The Ziron team were on the road in early July, sponsoring the second year of UK real time communications conference CommCon, held in beautiful countryside just north west of London.

The venue – Latimer House, near Chesham, Buckinghamshire – has a long and interesting history, but in our opinion the most intriguing part was doing World War 2, when it became the focal point of top secret activities run by MI5 and MI6. Several thousand of German prisoners of war  were held here, with the cells secretly bugged and conversations covertly recorded in an attempt to gain important intelligence. Over 100,000 transcripts survived and are held in the National Archives to this day.

With two tracks and over 40 talks across three days we haven’t got space to cover everything we saw, but here’s some highlights. All of the talks were streamed live on YouTube (in 4K – apparently a first for this kind of conference!) and are available to watch again on the CommCon channel.

Day One – open source, scaling, drones and spies

In the main room. we saw Telet Research’s James Body giving a fascinating presentation on building a 4G mobile network with open source software and relatively inexpensive hardware, based on his experiences at community mobile operator Ch4lke Mobile.

At the other end of the scale, FullRate‘s Kenn Leth Hansen spoke about their experience building a new voice platform serving over 350,000 mobile users in Denmark with open source software including FreeSWITCH and Kamailio.

Interestingly, in the Q&A at the end, Kenn said that a year ago at the beginning of the project, the aim was to use containerisation and leverage Kubernetes to orchestrate those containers – but they settled on a virtualised environment instead, using the SaltStack to manage VMs. At Ziron we operate an increasing number of services using Kubernetes and containerisation – but that’s the subject for another post in the future!

In the afternoon, two workshops took place: the first – Build your own programmable telecommunications infrastructure – with Rob Pickering, Eliza Camber, and Jason Berryman gave participants hands on experience with building voice applications using NodeJS, Drachtio and Asterisk. In the second workshop, Tim Panton from Pipe led participants through a step by step guide to building a webRTC based ‘droid and racing it around a course using a camera and a smartphone.

In the evening, the fascinating history of the CommCon venue was the subject of a talk on the Monday night by British historian Dr. Helen Fry, who entertained attendees with stories of spies, secret passages, and Hitler’s Deputy Rudolf Hess – who is reputed to have been held at Latimer in 1942. Dinner (and drinks – courtesy of Cloudonix) followed, with conversations about the days events carrying on late into the night.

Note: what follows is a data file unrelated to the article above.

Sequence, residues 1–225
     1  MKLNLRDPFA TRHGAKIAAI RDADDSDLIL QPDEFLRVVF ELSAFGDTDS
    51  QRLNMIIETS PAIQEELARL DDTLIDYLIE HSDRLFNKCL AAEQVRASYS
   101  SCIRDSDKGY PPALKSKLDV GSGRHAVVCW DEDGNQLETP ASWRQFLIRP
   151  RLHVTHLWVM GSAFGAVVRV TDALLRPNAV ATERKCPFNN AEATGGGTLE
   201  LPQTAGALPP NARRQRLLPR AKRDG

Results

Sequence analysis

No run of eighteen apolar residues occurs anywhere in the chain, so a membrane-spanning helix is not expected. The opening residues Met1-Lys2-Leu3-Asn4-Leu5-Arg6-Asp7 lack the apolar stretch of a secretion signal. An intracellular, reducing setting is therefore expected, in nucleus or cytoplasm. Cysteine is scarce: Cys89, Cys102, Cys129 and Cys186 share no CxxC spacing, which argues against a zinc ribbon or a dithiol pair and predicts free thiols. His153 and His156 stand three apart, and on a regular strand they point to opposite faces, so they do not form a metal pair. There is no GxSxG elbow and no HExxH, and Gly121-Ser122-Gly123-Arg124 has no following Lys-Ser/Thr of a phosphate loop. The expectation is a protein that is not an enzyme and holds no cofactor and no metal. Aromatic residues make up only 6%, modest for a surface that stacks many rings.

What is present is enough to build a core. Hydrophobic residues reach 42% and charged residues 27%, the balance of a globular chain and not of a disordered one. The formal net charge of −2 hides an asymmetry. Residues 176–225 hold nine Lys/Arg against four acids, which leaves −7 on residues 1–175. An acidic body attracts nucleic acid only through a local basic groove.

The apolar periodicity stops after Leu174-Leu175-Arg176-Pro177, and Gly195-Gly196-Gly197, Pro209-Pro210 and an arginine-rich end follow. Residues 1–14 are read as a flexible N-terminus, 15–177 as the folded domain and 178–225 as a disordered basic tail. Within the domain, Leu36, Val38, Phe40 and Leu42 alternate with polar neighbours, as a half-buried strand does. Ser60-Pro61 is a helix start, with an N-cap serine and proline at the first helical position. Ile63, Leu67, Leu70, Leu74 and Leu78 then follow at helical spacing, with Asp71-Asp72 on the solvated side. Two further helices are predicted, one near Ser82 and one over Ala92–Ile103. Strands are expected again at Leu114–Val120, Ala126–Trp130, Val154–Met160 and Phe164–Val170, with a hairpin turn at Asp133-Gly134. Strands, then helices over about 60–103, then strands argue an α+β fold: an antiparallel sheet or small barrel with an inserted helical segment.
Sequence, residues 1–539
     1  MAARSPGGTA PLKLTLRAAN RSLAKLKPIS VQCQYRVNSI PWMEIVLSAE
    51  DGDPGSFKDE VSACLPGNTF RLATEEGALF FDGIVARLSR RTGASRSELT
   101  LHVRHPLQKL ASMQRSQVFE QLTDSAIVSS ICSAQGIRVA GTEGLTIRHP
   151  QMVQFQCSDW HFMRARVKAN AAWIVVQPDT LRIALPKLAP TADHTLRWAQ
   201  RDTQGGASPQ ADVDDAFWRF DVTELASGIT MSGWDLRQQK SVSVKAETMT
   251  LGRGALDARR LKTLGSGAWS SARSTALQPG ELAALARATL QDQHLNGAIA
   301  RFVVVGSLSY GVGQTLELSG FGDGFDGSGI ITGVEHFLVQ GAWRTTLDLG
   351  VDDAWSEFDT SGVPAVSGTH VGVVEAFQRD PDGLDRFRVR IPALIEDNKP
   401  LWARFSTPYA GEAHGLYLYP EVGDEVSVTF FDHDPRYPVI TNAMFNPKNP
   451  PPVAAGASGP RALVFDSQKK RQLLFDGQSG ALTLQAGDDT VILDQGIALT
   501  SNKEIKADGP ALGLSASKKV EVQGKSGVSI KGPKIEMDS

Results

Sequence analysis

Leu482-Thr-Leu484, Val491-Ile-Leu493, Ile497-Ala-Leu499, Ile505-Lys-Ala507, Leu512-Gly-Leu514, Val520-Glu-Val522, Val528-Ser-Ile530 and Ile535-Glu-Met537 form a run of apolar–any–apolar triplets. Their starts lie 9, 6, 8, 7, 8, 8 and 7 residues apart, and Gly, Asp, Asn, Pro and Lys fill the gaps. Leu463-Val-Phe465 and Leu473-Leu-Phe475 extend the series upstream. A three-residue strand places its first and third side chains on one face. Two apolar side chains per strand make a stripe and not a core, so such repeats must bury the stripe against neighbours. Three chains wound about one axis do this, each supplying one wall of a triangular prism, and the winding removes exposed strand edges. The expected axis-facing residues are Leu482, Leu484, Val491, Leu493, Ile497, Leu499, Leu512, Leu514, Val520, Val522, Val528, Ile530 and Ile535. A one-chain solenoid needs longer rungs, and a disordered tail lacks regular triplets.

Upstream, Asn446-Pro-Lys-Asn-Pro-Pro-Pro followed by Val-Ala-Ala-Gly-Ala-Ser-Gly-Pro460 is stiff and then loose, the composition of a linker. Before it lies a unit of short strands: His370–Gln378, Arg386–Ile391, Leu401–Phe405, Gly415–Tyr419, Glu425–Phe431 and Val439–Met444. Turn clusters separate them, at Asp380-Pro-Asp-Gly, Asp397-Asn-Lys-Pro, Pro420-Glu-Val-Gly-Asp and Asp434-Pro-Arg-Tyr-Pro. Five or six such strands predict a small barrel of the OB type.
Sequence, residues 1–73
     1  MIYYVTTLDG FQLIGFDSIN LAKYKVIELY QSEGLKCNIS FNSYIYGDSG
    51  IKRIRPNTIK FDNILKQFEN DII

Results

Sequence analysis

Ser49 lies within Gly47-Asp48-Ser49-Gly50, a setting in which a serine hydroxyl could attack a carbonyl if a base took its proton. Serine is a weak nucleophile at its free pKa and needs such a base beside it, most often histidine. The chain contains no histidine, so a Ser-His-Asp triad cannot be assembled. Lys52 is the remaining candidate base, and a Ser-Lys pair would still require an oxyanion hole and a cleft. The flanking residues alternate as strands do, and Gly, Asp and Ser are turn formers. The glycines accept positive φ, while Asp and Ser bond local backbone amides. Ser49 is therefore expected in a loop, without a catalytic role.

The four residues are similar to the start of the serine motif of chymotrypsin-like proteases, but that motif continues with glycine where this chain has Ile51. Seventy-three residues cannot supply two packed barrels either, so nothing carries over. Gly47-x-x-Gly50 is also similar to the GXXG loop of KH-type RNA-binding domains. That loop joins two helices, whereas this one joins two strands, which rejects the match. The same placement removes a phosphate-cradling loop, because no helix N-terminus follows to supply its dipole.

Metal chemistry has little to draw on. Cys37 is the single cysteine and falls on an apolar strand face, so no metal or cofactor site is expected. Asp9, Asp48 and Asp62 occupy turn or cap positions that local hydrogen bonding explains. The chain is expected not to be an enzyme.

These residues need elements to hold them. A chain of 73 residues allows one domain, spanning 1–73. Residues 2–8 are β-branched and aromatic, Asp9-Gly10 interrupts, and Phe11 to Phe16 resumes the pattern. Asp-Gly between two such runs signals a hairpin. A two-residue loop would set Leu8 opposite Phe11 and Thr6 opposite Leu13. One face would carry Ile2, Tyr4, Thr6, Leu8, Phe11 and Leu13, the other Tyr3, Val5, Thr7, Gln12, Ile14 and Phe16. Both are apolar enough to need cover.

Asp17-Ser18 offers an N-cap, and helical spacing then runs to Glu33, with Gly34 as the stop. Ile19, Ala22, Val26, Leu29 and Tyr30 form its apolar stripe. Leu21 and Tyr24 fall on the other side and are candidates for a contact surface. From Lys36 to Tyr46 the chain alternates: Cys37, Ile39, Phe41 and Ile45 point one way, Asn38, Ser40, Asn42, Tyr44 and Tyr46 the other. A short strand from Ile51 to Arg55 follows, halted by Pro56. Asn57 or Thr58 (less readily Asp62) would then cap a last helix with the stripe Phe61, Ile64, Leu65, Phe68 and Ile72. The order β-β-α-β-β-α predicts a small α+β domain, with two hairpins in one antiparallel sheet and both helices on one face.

Back to the present and more modern (less covert!) communications, day one kicked with a fascinating keynote from David Duffett from Let The Geek Speak entitled “Open Source: Beyond The Bottom Line”. David had used some of his connections and friendships within the open source community to understand what motivated those behind such projects, and presented his insights to the CommCon audience.

The event then split into two tracks, with a slightly smaller second venue (somewhat resembling a giant bouncy castle) on the lawn in the grounds of the venue featuring a second set of talks.

The CommCon dome

Day Two – SBCs, software development, more scaling, and gaming

Day two began with a keynote from Magic Leap‘s Chris Matthieu entitled “Spacial Computing Changes Everything“. If you haven’t had a chance to play with Augmented Reality or the Magic Leap headset, it really is worth a go! Sadly the headset is only currently available in the US, but fortunately Chris brought one with him which was the centre of attention later in the evening.

Back to more traditional telecoms topics, Alan Percy from TelcoBridges followed up with a talk on scaling open source communications with SBCs – and why B2BUAs are important for security. Interestingly for a company traditionally associated with hardware, TelcoBridges have recently launched a free SBC called, rather originally, FreeSBC – which is 100% software based and can run on bare metal or virtualised environments. It will be interesting to see how much take-up this has amongst those using one of the popular open source solutions as their SBC.